More than 50 years ago, a group of restaurants and frequent diners in New York City came up with an alternative payment system based on an account and a card. Today, that magnetic-striped card is a globally accepted standard model for payments.
A few years ago, two large companies in China came up with an alternative payment system based on QR codes, smart phones, and accounts that don’t require banks. Is this the next revolution in payments or simply an alternative system for an alternative mode?
On June 17, Aaron Klein, fellow in Economic Studies, released a new report detailing how China’s payment system works, what it means, and what lessons the United States can take away. After the presentation, a panel of experts discussed China’s new payment system.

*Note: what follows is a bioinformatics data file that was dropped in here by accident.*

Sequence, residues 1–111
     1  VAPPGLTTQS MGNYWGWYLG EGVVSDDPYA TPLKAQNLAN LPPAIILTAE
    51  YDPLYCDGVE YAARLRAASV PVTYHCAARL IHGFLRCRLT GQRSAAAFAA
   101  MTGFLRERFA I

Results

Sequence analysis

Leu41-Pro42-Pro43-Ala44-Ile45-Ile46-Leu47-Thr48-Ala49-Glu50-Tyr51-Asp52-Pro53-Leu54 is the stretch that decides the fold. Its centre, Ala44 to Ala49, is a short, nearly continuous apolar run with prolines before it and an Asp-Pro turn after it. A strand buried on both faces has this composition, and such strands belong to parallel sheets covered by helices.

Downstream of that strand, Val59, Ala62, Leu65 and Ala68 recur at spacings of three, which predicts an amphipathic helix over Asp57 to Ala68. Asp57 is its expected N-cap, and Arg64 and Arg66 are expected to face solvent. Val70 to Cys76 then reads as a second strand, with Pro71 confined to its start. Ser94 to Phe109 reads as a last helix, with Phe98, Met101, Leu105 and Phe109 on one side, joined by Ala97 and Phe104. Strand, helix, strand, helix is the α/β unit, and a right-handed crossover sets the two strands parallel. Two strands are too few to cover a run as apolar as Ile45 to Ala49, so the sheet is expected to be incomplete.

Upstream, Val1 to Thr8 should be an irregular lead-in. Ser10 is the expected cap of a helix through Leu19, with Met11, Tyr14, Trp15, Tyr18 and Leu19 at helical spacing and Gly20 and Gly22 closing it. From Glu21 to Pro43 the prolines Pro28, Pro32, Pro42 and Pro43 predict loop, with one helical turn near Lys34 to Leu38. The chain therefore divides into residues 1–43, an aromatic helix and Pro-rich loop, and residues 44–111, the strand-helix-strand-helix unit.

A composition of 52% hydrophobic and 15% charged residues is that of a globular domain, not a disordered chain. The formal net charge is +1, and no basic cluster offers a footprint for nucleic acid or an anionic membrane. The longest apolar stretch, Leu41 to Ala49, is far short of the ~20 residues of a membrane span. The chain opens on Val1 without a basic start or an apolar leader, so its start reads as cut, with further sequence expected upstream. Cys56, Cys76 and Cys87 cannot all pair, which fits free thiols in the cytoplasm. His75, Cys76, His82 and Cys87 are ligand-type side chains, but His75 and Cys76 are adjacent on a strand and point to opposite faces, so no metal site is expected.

Visiting Fellow - Peterson Institute for International Economics
Senior Manager - Royal Caribbean Cruises, Ltd
Director - Institute of Digital Finance, Peking University
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With the downward trajectory in [U.S.-China] relations, the incoming ambassador ideally will need to have a visible connection to the president and his senior advisers, familiarity with the range of issues that comprise the relationship, and a future in American politics. The more the ambassador is seen as likely to wield influence in the future on issues affecting China, the higher the cost and risk for Beijing to mistreat him/her.